From my discovery of Neil Bantock's Griffin and Sabine books, I have sought out books that play with form. (Even earlier, I fell hard for Anastasia Krupnik's To-Do lists which appeared as handwritten notes on lined paper in Lois Lowry's books.) Recently, Kim Belair's and Ariadne MacGillivray's Pure Steele (2013) struck
Penguin-Razorbill, 2012 Mariko Tamaki's (You) Set Me On Fire (2012) Read: At the hair salon, on the TTC, standing in line: everywhere. Allison's voice is strong and compelling. I could pick up this story and immediately fall into step with her, even if I only had a very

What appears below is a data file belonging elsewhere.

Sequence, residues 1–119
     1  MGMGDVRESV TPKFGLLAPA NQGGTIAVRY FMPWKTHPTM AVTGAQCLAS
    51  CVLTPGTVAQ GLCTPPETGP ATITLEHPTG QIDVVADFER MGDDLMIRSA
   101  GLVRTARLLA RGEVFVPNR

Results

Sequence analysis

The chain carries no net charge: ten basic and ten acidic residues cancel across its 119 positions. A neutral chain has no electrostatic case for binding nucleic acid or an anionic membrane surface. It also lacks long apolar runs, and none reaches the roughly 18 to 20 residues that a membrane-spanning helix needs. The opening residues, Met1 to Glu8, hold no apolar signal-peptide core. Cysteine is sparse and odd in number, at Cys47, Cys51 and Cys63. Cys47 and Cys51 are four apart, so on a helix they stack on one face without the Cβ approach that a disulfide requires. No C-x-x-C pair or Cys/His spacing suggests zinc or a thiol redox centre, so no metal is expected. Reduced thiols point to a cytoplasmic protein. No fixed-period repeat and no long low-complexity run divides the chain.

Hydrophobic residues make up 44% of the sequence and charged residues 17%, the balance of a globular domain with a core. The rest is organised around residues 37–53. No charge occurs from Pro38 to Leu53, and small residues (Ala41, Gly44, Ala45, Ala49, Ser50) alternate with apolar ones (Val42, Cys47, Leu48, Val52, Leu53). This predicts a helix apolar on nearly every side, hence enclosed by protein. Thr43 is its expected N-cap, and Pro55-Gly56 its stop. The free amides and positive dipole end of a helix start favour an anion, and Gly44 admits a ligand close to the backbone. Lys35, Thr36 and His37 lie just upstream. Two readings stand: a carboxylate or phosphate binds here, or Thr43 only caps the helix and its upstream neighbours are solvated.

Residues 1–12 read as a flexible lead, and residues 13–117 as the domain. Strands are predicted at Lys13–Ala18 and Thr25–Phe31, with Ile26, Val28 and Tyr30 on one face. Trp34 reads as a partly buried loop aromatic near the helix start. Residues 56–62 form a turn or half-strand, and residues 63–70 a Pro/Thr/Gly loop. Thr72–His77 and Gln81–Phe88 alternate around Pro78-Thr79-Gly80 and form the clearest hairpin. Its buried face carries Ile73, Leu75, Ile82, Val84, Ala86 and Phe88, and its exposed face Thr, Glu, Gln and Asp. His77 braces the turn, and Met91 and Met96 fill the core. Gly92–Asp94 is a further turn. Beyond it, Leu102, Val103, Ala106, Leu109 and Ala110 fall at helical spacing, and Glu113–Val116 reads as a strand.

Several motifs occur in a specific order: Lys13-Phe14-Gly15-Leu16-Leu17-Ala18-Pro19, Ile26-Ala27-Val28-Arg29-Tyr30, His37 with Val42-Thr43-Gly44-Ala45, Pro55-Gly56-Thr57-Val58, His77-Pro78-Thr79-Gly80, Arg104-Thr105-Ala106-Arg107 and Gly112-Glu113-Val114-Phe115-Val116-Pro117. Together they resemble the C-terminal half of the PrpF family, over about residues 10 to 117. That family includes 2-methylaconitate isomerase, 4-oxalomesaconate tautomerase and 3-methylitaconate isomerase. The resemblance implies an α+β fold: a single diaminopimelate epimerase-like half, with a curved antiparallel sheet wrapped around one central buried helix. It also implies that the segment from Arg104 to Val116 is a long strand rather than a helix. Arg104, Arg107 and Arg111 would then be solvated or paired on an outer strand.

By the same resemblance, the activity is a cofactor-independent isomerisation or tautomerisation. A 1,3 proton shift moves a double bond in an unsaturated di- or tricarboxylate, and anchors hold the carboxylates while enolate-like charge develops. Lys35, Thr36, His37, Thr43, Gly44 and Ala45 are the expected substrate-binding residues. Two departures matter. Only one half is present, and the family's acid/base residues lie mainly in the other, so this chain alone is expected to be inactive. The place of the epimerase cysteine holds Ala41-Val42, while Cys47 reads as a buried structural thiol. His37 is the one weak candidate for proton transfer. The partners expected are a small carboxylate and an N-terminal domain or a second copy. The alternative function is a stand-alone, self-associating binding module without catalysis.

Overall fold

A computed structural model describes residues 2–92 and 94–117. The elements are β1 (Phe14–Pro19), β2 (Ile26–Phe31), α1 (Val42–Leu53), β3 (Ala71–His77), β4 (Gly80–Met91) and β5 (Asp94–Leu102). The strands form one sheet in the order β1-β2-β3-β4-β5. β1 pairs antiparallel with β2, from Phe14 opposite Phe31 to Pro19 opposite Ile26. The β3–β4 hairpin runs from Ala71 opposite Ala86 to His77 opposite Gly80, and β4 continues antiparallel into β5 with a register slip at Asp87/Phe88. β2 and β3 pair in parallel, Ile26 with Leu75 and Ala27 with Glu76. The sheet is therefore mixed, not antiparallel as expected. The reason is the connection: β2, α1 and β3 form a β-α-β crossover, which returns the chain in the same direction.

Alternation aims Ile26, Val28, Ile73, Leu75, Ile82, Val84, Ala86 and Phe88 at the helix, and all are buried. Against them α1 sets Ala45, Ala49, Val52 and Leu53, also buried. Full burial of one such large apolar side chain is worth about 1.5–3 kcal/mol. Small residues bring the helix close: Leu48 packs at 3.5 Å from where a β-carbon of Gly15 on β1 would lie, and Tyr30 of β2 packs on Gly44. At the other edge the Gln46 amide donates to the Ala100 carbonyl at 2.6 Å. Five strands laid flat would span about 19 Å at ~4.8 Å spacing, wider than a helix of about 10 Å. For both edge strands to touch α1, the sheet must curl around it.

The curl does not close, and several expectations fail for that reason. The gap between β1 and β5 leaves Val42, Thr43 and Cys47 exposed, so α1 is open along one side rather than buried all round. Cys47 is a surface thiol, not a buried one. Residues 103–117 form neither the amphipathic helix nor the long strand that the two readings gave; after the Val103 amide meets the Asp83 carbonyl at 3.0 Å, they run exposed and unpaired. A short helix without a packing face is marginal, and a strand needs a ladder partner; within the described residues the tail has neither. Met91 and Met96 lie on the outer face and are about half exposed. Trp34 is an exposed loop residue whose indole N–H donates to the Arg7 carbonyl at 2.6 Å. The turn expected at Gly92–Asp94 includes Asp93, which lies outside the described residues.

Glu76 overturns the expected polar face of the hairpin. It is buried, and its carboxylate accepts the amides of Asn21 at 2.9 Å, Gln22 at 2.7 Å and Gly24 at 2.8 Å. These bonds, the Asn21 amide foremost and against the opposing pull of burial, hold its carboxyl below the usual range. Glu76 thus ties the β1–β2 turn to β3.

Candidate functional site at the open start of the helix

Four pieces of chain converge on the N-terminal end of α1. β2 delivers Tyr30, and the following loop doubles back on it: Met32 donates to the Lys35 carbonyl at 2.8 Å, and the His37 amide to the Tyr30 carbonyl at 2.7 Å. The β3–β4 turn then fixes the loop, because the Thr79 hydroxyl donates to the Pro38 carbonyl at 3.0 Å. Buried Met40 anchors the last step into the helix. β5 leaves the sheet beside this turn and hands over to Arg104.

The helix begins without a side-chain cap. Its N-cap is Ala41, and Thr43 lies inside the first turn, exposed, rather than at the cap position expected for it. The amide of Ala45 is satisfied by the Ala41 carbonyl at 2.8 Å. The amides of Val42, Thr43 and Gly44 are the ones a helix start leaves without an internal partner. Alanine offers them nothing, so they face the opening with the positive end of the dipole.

This isn't necessarily a story that you will know. Penguin Books, 1993 And nor are you expected to. "We all know how history comes down to us, which stories, which versions tend to be passed on." But here, in Free Enterprise, in a novel, we might find another
A new Friday fugue, running through this month, considering the ways in which our working lives appear on the pages of novels and short stories. The first two weeks appear here and here.) Tightrope Books, 2011 Kathryn Mockler’s Onion Man (2011) “The first night, time went by fast
A new Friday fugue, running through this month, considering the ways in which our working lives appear on the pages of novels and short stories. Some of my favourite novels spend a good amount of time considering the good amount of time that we spend in our workplaces. Joshua Ferris'